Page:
Susan Anderson, Uber’s Regional General Manager for Australia, New Zealand and North Asia, told Reuters that it’s because the Australian government “adopted a forward-looking approach to ridesharing and future transport technology.” Melbourne, in particular, has a “unique demographic and geospatial factors, and culture of innovation and technology” that make it perfect for the trials.
The ride-hailing service plans to start testing UberAir’s electric vertical-take-off-and-landing vehicles in 2020, three years before the service’s expected launch. Melbourne’s test flights will take passengers from one of the Westfield shopping centers to the city’s main international airport. That’s a 12-mile journey that typically takes 25 minutes or so by car — with a flying taxi, it’ll only take 10 minutes. Passengers will be able to book flights through the Uber app like any other ride for prices comparable to UberX’s, though they have to be cool with making their way to and from landing pads called “Skyports.”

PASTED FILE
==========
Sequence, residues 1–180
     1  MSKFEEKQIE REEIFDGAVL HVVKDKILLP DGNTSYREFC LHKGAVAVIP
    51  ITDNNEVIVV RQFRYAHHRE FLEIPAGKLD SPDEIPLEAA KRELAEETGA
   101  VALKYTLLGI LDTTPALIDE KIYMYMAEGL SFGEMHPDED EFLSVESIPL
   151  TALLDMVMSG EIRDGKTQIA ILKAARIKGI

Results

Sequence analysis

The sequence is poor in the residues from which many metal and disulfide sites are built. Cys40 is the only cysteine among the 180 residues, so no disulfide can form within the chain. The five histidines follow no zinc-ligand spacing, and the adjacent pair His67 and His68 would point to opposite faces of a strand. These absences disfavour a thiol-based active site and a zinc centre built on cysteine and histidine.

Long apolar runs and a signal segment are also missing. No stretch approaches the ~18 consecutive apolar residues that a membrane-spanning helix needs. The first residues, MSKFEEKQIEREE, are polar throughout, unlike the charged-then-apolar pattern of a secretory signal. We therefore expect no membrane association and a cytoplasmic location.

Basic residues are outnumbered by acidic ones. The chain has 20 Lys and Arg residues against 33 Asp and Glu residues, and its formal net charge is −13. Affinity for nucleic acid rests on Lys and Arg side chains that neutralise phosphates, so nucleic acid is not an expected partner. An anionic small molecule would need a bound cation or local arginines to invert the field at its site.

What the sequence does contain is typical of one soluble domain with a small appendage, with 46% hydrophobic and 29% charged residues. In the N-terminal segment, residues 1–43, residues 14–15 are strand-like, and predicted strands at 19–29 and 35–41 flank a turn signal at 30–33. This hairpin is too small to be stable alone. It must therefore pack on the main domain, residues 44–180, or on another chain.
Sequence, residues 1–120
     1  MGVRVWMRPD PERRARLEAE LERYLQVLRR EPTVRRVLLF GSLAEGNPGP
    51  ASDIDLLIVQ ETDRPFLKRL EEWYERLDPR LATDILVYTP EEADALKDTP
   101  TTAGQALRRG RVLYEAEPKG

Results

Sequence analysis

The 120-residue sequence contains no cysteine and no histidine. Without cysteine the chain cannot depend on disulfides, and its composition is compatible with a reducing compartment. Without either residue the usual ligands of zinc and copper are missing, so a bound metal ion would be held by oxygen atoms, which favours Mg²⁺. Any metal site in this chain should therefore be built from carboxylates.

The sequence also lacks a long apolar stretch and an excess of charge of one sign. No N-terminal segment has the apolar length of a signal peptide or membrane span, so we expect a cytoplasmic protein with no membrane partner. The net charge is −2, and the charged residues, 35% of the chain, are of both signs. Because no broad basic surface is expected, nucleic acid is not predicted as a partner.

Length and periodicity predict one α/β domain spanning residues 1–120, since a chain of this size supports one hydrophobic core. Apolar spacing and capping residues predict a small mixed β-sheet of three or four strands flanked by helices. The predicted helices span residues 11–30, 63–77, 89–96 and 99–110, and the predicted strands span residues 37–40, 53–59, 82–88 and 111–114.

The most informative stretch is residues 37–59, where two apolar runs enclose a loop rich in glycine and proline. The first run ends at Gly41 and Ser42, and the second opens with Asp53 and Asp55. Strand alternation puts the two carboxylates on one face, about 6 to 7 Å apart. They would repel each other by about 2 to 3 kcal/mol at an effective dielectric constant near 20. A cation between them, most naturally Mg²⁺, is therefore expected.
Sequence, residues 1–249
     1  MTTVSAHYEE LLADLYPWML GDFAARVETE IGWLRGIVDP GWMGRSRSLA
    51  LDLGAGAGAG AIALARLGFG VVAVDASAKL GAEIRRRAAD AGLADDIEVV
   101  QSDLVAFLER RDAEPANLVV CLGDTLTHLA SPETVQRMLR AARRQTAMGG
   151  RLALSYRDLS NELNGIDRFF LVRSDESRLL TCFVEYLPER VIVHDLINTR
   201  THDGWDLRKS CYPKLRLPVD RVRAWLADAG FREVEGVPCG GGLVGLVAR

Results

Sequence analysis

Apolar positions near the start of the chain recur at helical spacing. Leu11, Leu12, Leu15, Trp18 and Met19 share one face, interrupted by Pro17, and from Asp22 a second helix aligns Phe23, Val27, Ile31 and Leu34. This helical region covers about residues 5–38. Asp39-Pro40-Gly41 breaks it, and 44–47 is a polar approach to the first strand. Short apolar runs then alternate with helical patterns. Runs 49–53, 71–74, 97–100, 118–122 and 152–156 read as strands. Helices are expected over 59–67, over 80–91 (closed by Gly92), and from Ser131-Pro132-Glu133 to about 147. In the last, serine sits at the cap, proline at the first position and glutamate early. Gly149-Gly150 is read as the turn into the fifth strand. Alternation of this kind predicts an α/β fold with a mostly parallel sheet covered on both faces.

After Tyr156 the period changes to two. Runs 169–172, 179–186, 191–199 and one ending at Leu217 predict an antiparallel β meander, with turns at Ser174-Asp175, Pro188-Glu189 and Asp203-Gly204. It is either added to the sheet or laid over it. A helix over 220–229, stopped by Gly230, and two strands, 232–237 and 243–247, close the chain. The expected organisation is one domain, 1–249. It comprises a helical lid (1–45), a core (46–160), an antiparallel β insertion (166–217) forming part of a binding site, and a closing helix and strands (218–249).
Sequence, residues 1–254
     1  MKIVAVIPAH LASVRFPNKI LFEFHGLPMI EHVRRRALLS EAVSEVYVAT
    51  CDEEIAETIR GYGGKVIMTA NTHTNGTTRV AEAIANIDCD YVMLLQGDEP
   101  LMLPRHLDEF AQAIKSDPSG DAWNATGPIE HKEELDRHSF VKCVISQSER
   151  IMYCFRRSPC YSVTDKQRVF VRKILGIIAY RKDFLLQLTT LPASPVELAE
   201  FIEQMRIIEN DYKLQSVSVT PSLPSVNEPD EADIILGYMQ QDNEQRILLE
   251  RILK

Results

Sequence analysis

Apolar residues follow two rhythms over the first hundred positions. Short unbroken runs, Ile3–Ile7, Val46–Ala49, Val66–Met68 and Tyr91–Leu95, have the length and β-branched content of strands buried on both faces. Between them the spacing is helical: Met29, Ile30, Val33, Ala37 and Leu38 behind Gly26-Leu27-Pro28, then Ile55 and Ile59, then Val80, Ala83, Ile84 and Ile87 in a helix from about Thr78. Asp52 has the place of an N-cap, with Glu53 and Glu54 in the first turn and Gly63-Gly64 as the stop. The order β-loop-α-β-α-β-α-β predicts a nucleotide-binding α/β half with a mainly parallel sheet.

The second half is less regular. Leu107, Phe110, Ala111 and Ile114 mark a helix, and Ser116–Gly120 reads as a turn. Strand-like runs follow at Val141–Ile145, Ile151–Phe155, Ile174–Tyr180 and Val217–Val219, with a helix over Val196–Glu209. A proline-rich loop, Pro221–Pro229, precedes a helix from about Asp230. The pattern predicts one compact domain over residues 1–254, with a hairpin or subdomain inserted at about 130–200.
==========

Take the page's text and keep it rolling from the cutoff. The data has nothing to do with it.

Uber is currently working with a number of companies to design its flying vehicles. It also working with NASA to create an air traffic control system to manage its flying taxi fleet.